Hugh W. O’Donnell, 68, passed away on Feb. 26, in Ft. Bend County, Texas.
O’Donnell was born in Shreveport, La., on Feb. 11, 1938. He was devoted tohis family, his friends and his career. Hugh’s passion for flying and historywas passed on to everyone he touched.
A recognized expert in the field of using horizontal directional drilling(HDD) for pipeline construction under waterways and other obstructions,O’Donnell worked in a number of countries throughout his career. He worked withengineering, pipeline transmission and pipeline construction companies, such asUnited Gas Pipeline Co., Texas Eastern Transmission Corp., Pyburn & OdomInc., Titan Constructors Corp. and Reading & Bates Construction Co., and heworked on the Mile-by-Mile Design Team for the Trans Alaska Pipeline System.
In 1991, Hugh received two patents for underwater pipe alignment andconnection devices. He was a founder, president and CEO of SPIE HorizontalDrilling from 1984 until retiring in 1992 to begin his consulting firm,O’Donnell Associates Inc. He received his bachelor’s and master’s of sciencedegrees in civil engineering from Louisiana Polytechnic University (nowLouisiana Tech) in Ruston, La., in 1963 and 1965, respectively.
He was involved in the establishment of the Louisiana Tech TrenchlessTechnology Center (TTC) in 1990 and was a member of its Industry Advisory Boardfor Civil Engineering. O’Donnell received the Distinguished Civil EngineeringAlumnus Award in 1991. A long-time member of the ASCE, he worked on committees,authored papers and spoke at numerous engineering programs. He also was a memberof the Pipe Liners Club of Houston, the Gulf Coast Trenchless Association (GCTA)and the North American Society for Trenchless Technology (NASTT).
O’Donnell’s love of flying developed at an early age as he watched the WWII“Warbirds” flying over his house in the 1940s. His dream of learning to fly cametrue when he received his first flying lessons as an award for his participationin high school ROTC. Throughout college, he was active in the Wings and PropsFlying Club at Louisiana Tech and he received his private pilot license in 1964.He regularly flew his 1977 Cessna 182, which he has owned since 1984, but hisreal love was the 1945 Piper L-4, that he and two friends recently restored.
O’Donnell’s interest in history and authenticity led to the plane’sappearance as a member of the U.S. Army 36th Infantry Division, which was basedin Texas. In recent months, Hugh had the honor of flying several WWII pilots inthe L-4, bringing back memories to them and enhancing his own experience andknowledge of that era. O’Donnell liked to share his interest in flying withothers and he did so through his participation in the Commemorative Air Force,which maintains and flies WWII airplanes, and the EAA Young Eagles program,which enabled him to give the first flying experience to children.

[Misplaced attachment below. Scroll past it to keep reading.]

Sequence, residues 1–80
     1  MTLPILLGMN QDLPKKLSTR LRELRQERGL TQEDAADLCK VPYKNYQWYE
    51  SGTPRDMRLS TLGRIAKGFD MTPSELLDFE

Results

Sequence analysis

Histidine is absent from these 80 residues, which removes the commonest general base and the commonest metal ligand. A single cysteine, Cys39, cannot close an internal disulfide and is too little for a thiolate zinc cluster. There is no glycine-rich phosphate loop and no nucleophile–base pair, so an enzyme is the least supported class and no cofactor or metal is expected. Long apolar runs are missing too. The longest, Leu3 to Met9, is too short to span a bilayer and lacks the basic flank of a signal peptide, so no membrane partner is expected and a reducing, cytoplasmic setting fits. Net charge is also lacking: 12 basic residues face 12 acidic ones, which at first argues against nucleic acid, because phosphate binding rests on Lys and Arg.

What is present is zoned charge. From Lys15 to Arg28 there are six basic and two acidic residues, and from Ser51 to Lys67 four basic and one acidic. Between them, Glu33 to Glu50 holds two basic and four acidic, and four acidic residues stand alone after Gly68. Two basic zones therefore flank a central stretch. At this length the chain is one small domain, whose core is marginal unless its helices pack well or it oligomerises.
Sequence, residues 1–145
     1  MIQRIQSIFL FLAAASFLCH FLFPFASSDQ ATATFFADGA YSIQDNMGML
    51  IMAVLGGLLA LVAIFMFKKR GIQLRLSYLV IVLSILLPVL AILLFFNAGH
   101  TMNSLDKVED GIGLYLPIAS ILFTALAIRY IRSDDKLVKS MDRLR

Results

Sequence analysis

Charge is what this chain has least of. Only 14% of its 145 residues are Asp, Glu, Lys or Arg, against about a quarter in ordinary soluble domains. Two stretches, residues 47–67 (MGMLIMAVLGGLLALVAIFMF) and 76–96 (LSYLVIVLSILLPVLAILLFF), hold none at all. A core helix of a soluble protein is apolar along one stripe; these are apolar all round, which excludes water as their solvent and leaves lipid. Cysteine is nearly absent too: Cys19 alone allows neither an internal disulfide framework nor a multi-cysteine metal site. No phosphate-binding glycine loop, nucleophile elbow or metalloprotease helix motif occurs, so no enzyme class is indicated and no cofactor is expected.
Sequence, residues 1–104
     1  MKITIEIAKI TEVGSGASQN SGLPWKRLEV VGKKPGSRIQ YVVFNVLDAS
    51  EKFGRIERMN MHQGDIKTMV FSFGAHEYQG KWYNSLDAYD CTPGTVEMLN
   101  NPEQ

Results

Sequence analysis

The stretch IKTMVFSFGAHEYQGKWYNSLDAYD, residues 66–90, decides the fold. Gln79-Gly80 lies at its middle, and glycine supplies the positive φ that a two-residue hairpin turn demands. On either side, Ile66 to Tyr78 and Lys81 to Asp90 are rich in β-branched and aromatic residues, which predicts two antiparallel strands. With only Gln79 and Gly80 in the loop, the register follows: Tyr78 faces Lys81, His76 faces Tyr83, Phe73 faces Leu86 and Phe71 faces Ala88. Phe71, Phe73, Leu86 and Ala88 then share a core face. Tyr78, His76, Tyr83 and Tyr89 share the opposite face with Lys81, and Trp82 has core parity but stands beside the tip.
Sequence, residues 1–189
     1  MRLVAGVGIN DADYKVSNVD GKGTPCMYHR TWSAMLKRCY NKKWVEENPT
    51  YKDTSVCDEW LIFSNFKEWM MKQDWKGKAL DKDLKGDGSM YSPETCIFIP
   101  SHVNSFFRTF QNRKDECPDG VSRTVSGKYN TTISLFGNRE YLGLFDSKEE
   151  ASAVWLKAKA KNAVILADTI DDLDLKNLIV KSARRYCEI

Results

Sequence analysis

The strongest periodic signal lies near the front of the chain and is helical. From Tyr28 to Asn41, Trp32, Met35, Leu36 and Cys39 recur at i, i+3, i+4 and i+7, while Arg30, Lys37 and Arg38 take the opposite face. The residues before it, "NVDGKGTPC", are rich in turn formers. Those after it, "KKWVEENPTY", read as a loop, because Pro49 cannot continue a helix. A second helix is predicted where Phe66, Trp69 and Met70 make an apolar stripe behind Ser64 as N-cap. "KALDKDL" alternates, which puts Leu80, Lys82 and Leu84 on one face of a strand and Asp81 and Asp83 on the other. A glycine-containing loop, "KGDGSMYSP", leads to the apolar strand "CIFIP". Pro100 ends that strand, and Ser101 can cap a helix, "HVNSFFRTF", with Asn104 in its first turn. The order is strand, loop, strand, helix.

James Fredrick Britt, 63, one of the early pioneers inhorizontal directional drilling (HDD), passed away on Jan. 22, in Oklahoma City,Okla.
Fred earned his bachelor of science in engineering degree from HendersonState University, Arkadelphia, Ark. He worked for 30 years in Pipeline andDirectional Drilling management, was employed by ARMI Contractors, Fayetteville,Ark.
Fred was born in Attwood, Tenn., in 1943 and was raised in Glenwood,Ark. He had been a teacher of chemistry before being hired in 1978 by TitanWestern Contractors (the first HDD contractor). He was an integral part of theColonial Pipeline Project to place the first large pipe (40 in. by 2,000 ft)under the Houston Ship Channel near Pasadena, Texas.
Martin Cherrington, president Titan Western & Cherrington Corp. and nowof Cherrington Corp., always remembers Fred’s statement when he was purchasingan item. As Fred talked to a vendor, whether he knew the vendor or even if hehad never purchased the product, he would say, “I’ve never paid so much for thatitem before!”
Fred’s commitment to the projects that followed made him one of the mostknowledgeable people in the HDD industry. He also worked for Reading & Batesand Robert B. Somerville Pipeline Contractors. He later became a consultant formany companies on numerous HDD projects, including time spent in Indonesia.
He is best remembered for his driving personality with a great “can do”attitude and his enthusiasm to help others learn about HDD. Fred will be longremembered as one of the people that helped expand HDD to its prominencetoday.